We may have answered the Fermi Paradox: We are alone in the universe

Alien life should be everywhere. The sheer abundance of stars in the universe (the number far outstrips the total number of grains of sand on every beach on Earth) suggests that, somewhere, an intelligent lifeform should be warming itself on a distant planet. Even if life evolves rarely, ET should be phoning.

Yet, by all appearances, humanity seems to be flying solo in our galaxy, and perhaps the universe. Many solutions have been proposed to solve this riddle, known as the Fermi Paradox. The aliens are hiding. They’ve entered suspended animation until more propitious conditions arise. A Great Filter makes the leap from “life “to “intelligent life” improbable, if not impossible. They’ve blown themselves up.

Researchers of Oxford University’s Future of Humanity Institute have another answer. It’s likely intelligent life doesn’t exist at all, outside of Earth.

In a paper submitted to the Proceedings of the Royal Society of London (it appeared online this month on the pre-publication site arXiv), the researchers write that there is “a substantial ex ante probability of there being no other intelligent life in our observable universe,” and we shouldn’t be surprised if we fail to detect any signs of it. In other words, there is no need to speculate about the fate of aliens. It’s likely they’ve never existed, they assert in the paper, titled “Dissolving the Fermi Paradox.”

The Fermi Paradox derives from a question reportedly posed by physicist Enrico Fermi during a 1950 lunch in the Los Alamos National Laboratory in the state of New Mexico. According to Scientific American, a group of scientists were discussing a New Yorker cartoon showing aliens emerging a spaceship, onto the streets of New York City. “Where is everyone?” Fermi asked. While he was likely questioning the possibility of interstellar travel, later accounts suggested he was casting doubt on the existence of extraterrestrials themselves, the magazine reports.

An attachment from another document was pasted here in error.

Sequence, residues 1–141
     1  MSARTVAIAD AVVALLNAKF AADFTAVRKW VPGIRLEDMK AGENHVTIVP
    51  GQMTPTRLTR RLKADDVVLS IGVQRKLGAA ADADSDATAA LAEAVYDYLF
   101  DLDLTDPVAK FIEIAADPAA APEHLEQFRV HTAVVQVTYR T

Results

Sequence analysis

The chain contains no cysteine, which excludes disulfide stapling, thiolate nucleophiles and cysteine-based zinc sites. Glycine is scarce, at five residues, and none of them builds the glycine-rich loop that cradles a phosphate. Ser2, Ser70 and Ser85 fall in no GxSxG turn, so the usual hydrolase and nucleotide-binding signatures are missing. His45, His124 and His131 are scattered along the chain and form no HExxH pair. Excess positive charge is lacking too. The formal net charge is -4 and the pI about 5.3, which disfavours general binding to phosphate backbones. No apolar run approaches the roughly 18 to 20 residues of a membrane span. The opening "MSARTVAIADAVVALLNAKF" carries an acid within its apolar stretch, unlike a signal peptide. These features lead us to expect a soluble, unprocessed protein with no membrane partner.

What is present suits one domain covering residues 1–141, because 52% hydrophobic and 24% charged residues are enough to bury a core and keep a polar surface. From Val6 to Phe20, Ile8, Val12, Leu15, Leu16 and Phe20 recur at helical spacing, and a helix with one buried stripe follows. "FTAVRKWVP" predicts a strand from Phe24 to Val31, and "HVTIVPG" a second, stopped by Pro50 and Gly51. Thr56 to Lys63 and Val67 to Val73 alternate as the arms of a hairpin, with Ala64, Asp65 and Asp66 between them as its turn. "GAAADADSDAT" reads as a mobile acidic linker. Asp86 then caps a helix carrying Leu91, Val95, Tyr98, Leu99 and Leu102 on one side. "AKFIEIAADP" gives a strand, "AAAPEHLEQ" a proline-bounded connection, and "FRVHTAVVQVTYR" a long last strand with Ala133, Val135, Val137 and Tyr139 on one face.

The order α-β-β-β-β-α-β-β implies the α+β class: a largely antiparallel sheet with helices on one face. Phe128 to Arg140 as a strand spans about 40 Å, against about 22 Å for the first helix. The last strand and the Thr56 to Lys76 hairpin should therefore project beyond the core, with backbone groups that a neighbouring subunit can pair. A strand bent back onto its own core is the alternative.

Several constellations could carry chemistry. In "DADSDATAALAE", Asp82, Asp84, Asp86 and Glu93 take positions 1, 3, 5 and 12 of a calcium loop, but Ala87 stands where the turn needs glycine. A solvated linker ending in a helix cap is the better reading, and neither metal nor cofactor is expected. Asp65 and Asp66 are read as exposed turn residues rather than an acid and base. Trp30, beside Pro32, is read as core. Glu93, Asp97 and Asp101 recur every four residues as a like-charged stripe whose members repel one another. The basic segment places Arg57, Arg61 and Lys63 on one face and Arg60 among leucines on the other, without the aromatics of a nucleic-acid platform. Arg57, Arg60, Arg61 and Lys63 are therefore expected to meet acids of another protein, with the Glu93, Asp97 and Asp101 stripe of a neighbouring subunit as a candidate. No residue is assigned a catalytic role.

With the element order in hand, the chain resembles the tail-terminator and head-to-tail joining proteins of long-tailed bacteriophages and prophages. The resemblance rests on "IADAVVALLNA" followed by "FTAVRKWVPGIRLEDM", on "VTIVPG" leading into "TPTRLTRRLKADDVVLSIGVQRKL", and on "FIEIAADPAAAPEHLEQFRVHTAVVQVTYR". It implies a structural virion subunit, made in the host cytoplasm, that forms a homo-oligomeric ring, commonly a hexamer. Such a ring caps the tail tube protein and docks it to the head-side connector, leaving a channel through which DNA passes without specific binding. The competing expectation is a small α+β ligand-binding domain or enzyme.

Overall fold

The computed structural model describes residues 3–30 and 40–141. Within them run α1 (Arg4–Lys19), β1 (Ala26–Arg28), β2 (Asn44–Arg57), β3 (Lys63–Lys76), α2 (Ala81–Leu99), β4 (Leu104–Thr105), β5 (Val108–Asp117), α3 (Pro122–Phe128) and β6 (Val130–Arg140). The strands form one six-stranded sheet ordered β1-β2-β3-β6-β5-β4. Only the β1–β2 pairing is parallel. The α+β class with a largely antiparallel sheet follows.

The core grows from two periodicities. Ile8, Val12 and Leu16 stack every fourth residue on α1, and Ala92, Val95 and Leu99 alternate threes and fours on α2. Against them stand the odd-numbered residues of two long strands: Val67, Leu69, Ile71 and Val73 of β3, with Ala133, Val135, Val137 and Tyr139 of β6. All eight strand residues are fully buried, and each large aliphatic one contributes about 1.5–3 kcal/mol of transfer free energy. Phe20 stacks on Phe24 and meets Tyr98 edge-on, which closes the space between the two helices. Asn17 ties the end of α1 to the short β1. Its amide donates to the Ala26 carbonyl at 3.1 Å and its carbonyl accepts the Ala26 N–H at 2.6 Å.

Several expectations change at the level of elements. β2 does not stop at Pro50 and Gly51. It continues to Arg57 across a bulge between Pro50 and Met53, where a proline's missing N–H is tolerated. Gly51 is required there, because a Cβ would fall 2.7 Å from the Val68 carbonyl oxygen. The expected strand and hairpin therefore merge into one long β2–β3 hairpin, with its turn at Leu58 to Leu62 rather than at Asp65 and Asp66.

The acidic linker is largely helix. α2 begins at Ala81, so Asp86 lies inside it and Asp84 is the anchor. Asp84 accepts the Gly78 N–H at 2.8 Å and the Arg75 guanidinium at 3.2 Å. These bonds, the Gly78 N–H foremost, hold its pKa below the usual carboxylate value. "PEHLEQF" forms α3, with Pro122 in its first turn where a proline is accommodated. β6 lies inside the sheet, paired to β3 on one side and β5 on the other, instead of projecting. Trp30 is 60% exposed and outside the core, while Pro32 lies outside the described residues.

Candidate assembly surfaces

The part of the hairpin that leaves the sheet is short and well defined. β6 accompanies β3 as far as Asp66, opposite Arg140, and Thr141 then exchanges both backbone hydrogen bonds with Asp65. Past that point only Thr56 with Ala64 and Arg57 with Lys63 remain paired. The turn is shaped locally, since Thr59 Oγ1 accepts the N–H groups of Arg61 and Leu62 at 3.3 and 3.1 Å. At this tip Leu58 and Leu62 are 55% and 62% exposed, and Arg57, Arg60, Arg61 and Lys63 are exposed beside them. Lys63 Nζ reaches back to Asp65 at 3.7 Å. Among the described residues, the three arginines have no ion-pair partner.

Scientists have been trying to answer Fermi’s question ever since. Many of the most rigorous attempts have built on a postulation known as the Drake equation. There are plenty of unknowns, but the equation suggests it’s plausible thousands of detectable alien civilizations could be roaming the Milky Way based on the probability of seven factors. The equation:

  • N: total detectable alien civilizations in the Milky Way
  • R∗: rate of star formation per year
  • fp: fraction of stars with planets
  • ne: Earth-like (or otherwise habitable) planets per system with planets
  • fl: fraction of such planets with life
  • fi: fraction with life that develop intelligence
  • fc: fraction of intelligent civilizations that are detectable/contactable
  • L: average longevity of such detectable civilizations

Previous estimates of the Drake equation have assigned a single number to those variables. The recent study sought to make a more informed guess. It relies on our latest knowledge of biology, chemistry, and cosmology, and uses a distribution of probabilities (a range) to capture the most likely scenarios, rather than assign a single value.

When they did, the researchers found that the possibility we’re alone in the galaxy is far higher than presumed given the truly gargantuan number of possible home planets. The authors assert that the chance humanity stands alone among intelligent civilizations in our galaxy is 53%–99.6%, and across the observable universe is 39%–85%.

Since the Fermi “paradox” exists only if we are confident alien civilizations are out there, this uncertainty suggests we may just be the lucky ones—thus, there is no such paradox. “We should not actually be all that surprised to see an empty galaxy,” the authors write. But don’t give up entirely. The Drake equation, at best, merely gives us a way to formalize what is still unknowable. It’s a big universe.

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